At first, Foyer seems to be a projection without film, where the only thing visible is a palpitating white screen. Voices accompany this white emptiness. They are coming from people who approach the cameraman at work on the film, questioning him about what he is doing. In turn, an amateur photographer, a curious passerby, a policeman and a group of young men all approach the man filming. As the situation develops, the discussions reveal to the spectators the principles of a film experience in progress, of the film they are actually watching. The film experience intrigues people, it interrogates and ultimately transforms the camera into a foyer (in the sense of a hearth), around which people gather to speak, discuss and listen. At first centred on the camera, these conversations quickly reveal singular points of view, which trace the forms of a particular social and political landscape. They offer a glimpse of the context in which a tentative work experience is unfolding, searching for its way in the agitated world.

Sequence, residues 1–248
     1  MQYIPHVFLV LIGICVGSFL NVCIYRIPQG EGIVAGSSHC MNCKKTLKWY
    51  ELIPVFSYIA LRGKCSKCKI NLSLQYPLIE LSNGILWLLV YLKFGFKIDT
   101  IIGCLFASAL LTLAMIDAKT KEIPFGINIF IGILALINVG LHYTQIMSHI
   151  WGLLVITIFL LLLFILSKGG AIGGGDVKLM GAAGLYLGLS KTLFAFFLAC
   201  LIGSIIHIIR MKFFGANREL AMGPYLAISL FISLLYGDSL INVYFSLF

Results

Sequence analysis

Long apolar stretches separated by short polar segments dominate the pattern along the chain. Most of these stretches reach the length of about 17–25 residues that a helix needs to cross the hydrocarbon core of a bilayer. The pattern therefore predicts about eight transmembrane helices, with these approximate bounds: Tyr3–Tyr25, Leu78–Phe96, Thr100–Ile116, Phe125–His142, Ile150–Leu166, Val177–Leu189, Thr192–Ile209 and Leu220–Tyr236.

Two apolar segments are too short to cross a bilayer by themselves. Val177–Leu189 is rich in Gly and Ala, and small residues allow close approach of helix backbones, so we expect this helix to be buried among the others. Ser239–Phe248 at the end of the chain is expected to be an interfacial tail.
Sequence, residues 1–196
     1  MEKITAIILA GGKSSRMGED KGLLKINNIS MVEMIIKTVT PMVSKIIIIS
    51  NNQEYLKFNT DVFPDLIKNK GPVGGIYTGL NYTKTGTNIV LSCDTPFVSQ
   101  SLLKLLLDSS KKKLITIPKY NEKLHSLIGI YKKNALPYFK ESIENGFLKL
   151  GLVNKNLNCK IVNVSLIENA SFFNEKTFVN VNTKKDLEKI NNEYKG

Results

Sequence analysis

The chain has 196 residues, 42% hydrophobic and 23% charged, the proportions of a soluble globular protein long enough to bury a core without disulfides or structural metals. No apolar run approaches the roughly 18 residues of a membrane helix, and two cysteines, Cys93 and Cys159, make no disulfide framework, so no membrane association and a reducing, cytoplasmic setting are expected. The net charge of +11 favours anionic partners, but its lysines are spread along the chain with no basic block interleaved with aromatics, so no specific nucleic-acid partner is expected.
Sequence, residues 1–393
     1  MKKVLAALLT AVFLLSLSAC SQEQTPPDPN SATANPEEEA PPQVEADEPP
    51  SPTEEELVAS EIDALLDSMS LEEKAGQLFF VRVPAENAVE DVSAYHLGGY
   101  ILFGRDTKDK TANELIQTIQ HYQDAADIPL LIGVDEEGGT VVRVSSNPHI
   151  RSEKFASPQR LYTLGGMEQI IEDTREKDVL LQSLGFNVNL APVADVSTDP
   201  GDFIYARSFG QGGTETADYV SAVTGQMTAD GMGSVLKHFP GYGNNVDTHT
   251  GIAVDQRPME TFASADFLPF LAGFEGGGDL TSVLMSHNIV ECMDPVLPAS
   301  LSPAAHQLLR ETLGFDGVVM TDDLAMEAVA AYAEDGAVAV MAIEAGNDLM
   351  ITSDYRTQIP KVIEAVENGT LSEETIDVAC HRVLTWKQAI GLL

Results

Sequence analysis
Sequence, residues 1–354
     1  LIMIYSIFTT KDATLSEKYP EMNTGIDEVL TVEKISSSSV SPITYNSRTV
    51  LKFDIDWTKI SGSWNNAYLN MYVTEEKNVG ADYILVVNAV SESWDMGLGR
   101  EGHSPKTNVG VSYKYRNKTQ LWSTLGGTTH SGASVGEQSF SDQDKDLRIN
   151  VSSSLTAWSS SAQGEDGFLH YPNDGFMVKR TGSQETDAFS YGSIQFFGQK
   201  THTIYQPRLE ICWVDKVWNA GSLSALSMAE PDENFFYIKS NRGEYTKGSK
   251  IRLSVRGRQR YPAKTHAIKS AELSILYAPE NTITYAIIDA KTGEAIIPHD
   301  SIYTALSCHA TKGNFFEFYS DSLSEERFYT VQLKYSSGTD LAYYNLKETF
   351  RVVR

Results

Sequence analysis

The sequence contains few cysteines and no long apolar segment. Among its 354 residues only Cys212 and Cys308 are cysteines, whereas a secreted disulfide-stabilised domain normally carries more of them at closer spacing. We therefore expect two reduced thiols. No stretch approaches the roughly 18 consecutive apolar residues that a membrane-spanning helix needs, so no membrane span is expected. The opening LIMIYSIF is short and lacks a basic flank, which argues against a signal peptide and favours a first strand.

Creations / Parcours
Ismaïl Bahri (Tunis)
Ismaïl Bahri lives and works in Paris. His work incorporates many cultural and aesthetic references, developing visual experiments that are both sensitive and precise. The results of these experiments take varying forms – drawings, videos, photographs, installations, and hybrids of these forms. The basic materials used in these works are manipulated and ultimately transformed, often through mechanically inspired gestures and procedures that are related, in one way or another, to cinema or photography. (Gilles Baume)
Ismaïl Bahri’s work has been presented at the Criée Centre d’Art Contemporain (Rennes), Les Eglises (Chelles), Sharjah Foundation (Sharjah), Staatliche Kunsthalle (Karlsruhe), Kunst Im Tunnel (Düsseldorf), the British Film Institute (London), and Calouste Gulbenkian Foundation (Lisbon). His films have been shown in many festivals such as TIFF (Toronto), NYFF (New York), IFFR (Rotterdam), FID (Marseille) amongst others. More recently, his video works were exhibited at the Jeu de Paume (Paris).